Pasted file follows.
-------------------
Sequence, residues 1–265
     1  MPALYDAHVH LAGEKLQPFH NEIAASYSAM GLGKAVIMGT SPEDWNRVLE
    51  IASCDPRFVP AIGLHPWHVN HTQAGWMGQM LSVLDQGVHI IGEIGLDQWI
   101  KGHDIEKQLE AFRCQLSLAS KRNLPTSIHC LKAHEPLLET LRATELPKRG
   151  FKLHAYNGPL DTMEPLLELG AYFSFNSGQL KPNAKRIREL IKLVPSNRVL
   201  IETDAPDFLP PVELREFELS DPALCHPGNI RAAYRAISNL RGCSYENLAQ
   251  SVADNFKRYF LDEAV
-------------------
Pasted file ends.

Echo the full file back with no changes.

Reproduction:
Sequence, residues 1–265
     1  MPALYDAHVH LAGEKLQPFH NEIAASYSAM GLGKAVIMGT SPEDWNRVLE
    51  IASCDPRFVP AIGLHPWHVN HTQAGWMGQM LSVLDQGVHI IGEIGLDQWI
   101  KGHDIEKQLE AFRCQLSLAS KRNLPTSIHC LKAHEPLLET LRATELPKRG
   151  FKLHAYNGPL DTMEPLLELG AYFSFNSGQL KPNAKRIREL IKLVPSNRVL
   201  IETDAPDFLP PVELREFELS DPALCHPGNI RAAYRAISNL RGCSYENLAQ
   251  SVADNFKRYF LDEAV